When the waiter came to our table, he was all business.  He had no time for little girls in opera gloves and fancy hats.  He had no time for British accents.  He just didn't see her, even when she rested her chin on her folded hands, elbows on the table, and smiled like she was posing for an 80's glamour shot.  Not a glance

Now, you and I know that this is life.  Sometimes we get noticed for things we wish we didn't.  Sometimes no one pays attention when we're desperate for recognition.  Ella doesn't know this yet, but experiences like this will teach her.  She didn't seem to be bothered by the lack of attention.  It just made her more determined.  I think that that will be a good trait as she gets older and works toward goals, but it was hard to see her try so hard without results.

She decided to go to the bathroom.  I also needed to go, so we both got out of the booth, but this was not her plan.  "Mom, could you walk behind me, please?"

Prance, prance, prance.  Wave, wave, wave.  Hair flip.  Hair flip.

Still no attention.  One thing I'll say for my Ella. She is persistent.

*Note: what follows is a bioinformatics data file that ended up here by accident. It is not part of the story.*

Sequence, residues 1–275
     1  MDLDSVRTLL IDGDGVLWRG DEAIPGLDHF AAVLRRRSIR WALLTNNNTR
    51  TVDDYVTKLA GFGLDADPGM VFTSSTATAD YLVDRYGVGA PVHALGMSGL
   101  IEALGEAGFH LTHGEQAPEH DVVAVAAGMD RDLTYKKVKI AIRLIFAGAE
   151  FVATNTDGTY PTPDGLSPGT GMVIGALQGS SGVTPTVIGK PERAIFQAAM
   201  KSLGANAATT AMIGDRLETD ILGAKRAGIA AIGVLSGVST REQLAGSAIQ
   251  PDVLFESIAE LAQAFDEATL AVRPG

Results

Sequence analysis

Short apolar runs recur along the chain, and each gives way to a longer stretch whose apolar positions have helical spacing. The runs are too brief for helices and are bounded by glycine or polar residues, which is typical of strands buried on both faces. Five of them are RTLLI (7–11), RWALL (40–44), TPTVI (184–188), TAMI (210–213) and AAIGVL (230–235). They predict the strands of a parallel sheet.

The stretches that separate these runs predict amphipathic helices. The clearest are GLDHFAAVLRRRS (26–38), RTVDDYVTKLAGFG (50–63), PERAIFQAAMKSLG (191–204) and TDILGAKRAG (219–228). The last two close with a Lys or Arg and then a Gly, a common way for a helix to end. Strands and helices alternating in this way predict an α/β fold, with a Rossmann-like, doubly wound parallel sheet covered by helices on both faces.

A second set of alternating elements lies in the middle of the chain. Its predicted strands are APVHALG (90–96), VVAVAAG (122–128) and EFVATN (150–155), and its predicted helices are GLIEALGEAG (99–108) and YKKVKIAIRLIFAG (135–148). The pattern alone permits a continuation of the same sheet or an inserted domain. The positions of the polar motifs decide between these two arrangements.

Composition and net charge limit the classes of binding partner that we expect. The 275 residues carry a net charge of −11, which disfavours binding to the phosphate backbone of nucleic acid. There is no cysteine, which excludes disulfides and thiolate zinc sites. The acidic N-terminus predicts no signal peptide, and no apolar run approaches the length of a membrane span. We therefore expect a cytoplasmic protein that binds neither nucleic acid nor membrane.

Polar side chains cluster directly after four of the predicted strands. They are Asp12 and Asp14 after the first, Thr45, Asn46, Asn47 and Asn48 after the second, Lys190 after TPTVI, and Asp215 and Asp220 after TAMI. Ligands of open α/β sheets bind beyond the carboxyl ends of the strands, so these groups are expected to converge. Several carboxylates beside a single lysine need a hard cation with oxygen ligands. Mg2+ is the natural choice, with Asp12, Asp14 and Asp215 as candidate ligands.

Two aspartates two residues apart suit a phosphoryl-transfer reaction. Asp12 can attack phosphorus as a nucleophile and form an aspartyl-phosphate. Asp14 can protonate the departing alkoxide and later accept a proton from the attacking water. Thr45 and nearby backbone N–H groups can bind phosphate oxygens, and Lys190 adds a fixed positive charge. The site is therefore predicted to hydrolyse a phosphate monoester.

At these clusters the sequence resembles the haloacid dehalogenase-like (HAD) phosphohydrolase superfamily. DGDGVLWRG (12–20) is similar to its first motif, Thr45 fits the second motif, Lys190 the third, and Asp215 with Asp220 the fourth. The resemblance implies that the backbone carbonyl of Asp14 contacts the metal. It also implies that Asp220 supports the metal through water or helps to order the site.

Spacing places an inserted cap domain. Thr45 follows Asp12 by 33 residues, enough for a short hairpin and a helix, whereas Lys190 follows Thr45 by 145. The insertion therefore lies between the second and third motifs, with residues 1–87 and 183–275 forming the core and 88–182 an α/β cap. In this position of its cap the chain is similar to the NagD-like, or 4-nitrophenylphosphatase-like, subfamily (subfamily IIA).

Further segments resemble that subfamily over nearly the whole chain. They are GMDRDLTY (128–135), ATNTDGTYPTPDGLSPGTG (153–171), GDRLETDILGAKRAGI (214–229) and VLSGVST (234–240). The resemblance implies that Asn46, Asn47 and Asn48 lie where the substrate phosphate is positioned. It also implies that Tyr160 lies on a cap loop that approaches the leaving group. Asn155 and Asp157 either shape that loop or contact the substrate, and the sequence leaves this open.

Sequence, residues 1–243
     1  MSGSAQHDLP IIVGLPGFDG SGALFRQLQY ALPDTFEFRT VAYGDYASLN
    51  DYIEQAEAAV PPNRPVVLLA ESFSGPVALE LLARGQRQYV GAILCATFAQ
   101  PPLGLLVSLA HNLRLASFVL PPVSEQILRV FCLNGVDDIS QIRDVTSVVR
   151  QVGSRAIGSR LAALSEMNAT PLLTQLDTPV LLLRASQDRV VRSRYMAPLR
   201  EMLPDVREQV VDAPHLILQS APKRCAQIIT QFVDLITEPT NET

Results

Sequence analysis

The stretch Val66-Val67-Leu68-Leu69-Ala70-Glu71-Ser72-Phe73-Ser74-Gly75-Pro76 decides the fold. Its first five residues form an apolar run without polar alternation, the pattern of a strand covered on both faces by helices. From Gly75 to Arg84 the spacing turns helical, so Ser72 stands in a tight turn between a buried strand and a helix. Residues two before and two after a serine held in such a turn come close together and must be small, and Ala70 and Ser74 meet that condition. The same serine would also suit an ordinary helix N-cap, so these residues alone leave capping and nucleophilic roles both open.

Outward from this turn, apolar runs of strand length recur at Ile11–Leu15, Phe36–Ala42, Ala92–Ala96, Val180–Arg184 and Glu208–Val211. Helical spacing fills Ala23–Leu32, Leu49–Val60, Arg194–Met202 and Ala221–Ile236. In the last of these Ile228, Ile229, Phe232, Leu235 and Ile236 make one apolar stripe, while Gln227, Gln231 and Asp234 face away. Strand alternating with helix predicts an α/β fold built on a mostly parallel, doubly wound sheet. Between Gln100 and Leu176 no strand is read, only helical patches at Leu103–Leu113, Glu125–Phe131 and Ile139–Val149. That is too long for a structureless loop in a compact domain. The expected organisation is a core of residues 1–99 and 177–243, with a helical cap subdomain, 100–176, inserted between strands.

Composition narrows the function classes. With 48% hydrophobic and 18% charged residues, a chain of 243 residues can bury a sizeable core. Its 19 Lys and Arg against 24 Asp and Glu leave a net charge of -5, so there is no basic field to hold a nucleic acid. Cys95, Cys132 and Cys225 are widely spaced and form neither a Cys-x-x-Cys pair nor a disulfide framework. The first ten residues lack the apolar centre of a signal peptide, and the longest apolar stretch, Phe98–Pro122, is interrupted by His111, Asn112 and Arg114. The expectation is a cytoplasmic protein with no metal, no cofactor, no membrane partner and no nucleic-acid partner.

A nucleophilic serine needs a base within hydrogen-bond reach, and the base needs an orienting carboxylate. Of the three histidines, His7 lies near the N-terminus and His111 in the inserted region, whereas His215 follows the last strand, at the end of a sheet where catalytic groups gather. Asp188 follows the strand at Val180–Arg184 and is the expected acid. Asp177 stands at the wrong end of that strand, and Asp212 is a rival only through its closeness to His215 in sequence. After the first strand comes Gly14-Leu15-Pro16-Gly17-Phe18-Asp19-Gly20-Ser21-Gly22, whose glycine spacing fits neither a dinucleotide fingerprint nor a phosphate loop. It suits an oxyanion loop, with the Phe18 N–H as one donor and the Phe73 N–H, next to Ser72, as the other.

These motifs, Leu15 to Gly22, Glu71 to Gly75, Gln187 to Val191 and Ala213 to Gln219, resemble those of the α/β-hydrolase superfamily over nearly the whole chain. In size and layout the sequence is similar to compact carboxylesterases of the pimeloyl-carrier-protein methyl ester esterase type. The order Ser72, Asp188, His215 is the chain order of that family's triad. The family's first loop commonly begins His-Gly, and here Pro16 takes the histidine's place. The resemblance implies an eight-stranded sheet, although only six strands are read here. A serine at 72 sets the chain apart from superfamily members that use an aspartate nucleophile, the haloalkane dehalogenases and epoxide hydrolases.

We settled into our meal, but at the end, she reached into her purse {did I mention she brought a velvet clutch?} and told Handsome Hero that she would really like to pay.  She had brought her debit card {it came in a purse set when she was a toddler and is about 1/4 inch thick}.  He told her that she could pay for the kids and he would pay for the grown-ups.  This was pretty safe since it was kids-eat-free night.  Since our waiter was clearly not going to enter into this charade, I led her to the front desk.  There was another man there who immediately complimented Ella on her beautiful outfit.  While she preened, I explained that she was there to pay for her meal, and he understood where I was going without any prompting.  She held out her card and he took it, did a very convincing job of swiping it, printed out a receipt, and handed her a crayon to sign her name on the dotted line.

How does something so small make me want to cry?

I said, "You must have children."  He smiled.

 "Actually, I have a little girl."

To the man at Brixx, on the highly unlikely chance that you are one of the tens of people who read this blog, I thank you.  Thank you for being so understanding with a little girl who has such a desire to be grown up.  You made that little girl's day.  And her mother's.

And happy birthday, little one.  May your life always have fancy hats and opera gloves, but when it doesn't, your dad and I are here to pick you up.  I love you.

 Pictures taken last summer at the beach.